Sunday, May 8, 2011
By These Ten Bones
Author: Clare B. Dunkle
Publisher: Square Fish
(Review copy courtesy of Blue Slip Media)
By These Ten Bones is one of those most annoying of books: the kind that can't live up to it's ideas. It's a decent plot, but there's a difference between a good plot and a good story. Turning the former into the latter requires skill, time, and effort. In the case of By These Ten Bones, one or more of the three was sorely lacking. The result is a book that left me completely and totally cold.
Our heroine Madeline, called 'Maddie' most of the time, is the daughter of a tradesman in a small hamlet in medieval Ireland. Her love interest is an apparently mute young man who stops by one day with a group of traders. Having no other name for him, Maddie nicknames him Carver, after the beautiful decorative woodcarvings he makes. Carver and his caretaker Ned plan to just do some trading and then move on to the next town. Unfortunately Black Ewan, the local strongman, has an attack of jackassery and takes Ned more or less as a slave, forcing Carver to stick around. Maddie's family takes him in, and sparks start to fly between the two. But when a mysterious, unholy beast starts terrorizing the villagers at night -- well, you can see where this is going.
My first impression of By These Ten Bones was that it was trying to do what Wolfbreed did, but doing it less successfully. By the end, however, I realized that I had mis-assessed the book, in that it's actually going for a kind of folktale vibe. Unfortunately, it doesn't quite work.
Ten Bones does get some things right. The author seems to have done the research on the middle ages period, and so we have an authentic (or authentic-seeming, which is more important) portrait of daily life. Christianization is slowly but surely eclipsing old traditions and superstitions, but the old ways remain firmly entrenched with the populace. Father Mac, the local clergyman of this unnamed village, does his best in combating the ignorance of the villagers. Which is a tough row for him to hoe sometimes. One character is educated and thus knows the sayings of Ancient Greek philosophers. This is taken as a sign of witchcraft by the illiterate townspeople, since how could one speak to an ancient greek except through necromancy? Social injustice is another issue lurking in the background. Black Ewan's extracting forced labor from Ned with no legal repercussions is a stark manifestation of the gap between rich and poor. A more minor, but more telling incident, is when a local woman gives birth to a baby that dies the day of it's birth. That same day, the local lord's wife dies. The text notes: "The woman didn't go to funerals, not even for one of their own, but if the men weren't there to help bear the new lady's body, they would earn the new lord's lasting fury."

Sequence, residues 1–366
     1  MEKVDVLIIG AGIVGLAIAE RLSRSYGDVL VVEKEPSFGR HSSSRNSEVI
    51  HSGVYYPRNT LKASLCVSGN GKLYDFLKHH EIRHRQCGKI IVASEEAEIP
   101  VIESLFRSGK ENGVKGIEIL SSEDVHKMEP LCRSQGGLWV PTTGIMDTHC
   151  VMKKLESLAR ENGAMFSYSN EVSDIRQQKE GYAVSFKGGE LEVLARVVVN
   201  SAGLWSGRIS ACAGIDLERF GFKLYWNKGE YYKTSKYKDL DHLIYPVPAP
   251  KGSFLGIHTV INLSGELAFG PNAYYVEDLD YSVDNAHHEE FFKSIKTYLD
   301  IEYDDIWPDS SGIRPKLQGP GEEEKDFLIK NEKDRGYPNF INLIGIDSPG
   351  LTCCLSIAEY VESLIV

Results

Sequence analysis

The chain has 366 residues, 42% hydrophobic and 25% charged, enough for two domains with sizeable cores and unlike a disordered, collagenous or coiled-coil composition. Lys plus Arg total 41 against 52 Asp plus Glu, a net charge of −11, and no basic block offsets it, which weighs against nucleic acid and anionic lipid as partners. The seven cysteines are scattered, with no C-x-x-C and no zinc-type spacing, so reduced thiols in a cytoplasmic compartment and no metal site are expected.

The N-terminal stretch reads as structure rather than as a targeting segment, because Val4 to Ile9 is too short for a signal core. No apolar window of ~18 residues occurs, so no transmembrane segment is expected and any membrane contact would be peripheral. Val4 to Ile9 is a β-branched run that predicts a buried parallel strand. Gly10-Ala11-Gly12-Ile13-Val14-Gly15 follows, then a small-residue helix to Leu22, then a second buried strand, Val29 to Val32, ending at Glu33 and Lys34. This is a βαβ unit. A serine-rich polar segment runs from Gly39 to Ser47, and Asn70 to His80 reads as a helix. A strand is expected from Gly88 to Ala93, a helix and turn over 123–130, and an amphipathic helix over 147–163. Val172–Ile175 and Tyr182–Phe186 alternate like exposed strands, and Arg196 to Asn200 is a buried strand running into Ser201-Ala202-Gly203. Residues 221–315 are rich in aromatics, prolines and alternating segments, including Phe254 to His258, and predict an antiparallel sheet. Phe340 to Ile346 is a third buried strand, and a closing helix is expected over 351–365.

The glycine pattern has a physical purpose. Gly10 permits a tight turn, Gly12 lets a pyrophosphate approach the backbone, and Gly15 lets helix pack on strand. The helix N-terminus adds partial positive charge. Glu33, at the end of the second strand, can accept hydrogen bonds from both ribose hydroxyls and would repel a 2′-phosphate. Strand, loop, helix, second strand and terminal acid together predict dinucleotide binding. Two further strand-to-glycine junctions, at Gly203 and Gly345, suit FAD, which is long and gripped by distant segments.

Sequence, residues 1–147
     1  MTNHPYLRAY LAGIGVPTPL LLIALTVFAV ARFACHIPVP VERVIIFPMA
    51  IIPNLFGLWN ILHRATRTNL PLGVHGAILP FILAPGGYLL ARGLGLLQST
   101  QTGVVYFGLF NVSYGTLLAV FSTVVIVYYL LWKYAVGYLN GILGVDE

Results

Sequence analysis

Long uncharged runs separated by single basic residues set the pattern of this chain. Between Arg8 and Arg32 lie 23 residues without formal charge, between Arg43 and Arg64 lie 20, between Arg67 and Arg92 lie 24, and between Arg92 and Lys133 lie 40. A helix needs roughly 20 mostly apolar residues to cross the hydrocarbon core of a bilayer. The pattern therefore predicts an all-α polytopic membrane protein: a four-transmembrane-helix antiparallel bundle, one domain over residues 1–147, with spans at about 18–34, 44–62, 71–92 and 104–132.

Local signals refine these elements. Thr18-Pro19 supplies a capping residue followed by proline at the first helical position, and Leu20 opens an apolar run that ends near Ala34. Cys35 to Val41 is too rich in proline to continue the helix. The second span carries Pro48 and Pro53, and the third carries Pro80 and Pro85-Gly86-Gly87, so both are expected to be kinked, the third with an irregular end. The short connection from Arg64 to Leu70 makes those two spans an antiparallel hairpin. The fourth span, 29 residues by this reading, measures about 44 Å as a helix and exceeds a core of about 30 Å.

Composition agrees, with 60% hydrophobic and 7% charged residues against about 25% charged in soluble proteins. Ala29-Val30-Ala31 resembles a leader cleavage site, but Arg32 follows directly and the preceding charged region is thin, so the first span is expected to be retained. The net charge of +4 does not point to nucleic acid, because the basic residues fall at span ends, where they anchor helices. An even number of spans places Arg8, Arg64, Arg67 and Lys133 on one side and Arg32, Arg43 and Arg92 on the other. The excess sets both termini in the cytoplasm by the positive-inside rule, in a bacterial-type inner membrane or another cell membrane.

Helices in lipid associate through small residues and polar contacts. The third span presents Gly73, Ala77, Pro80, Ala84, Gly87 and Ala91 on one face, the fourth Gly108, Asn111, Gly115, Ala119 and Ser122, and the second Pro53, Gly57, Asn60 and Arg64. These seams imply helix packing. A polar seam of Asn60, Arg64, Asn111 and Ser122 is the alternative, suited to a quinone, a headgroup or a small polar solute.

The supernatural elements are also played well. They're on the edge of the characters' consciousness. Everyone knows they exist but noone is quite sure what to make of it. Is a mysterious happenstance late in the book a demon playing tricks, the product of a troubled imagination, or a message from a ghost? Theories are mentioned, but noone knows. It has a very mysterious, gothic air to it.
But though Ten Bones gets points for setting, try as I might I just couldn't get into the story. The issue, I think, is that the attempts at folktale atmosphere bite the book in the rear. Folktales tend to be short and relatively direct, designed to be read to a child before bedtime, or told around the fire after dinner. And they commonly feature very cursory character development -- this character is a boy, or a girl, or a man, or a woman, or an old hag or a scary monster, whatever. That's all you get. Around a campfire, it works. The storyteller may wish tailor his telling to a specific audience, or get his listeners to fills in the blanks from their life experience, so the broad strokes approach gives him versatility.
Novels, however, are static. What's on the page is all you get. So the story requires a lot more development. What works around the fire feels thin and insubstantial when stretched out to 230 pages. So By These Ten Bones winds up as a really dry read. We learn little about Maddie, less about Carver, and almost nothing about the supporting cast. The reader has no real reason to care about what happens to these people, as they feel more like sock puppets then living, breathing human beings. As a result, the book becomes tedious and dull. So much so, in fact, that I've been working on this review for the better part of the week and I can't come up with anything interesting to say. I got nothing. Complete blank. It's that dull.
So, hey, I guess I'm done.
The verdict: don't read By These Ten Bones. I hate to say it, but that's how it is. The story is so thin, and the characters so indistinct, that it a chore for me to get through. It's not offensively bad, it's just dull, dull, dull.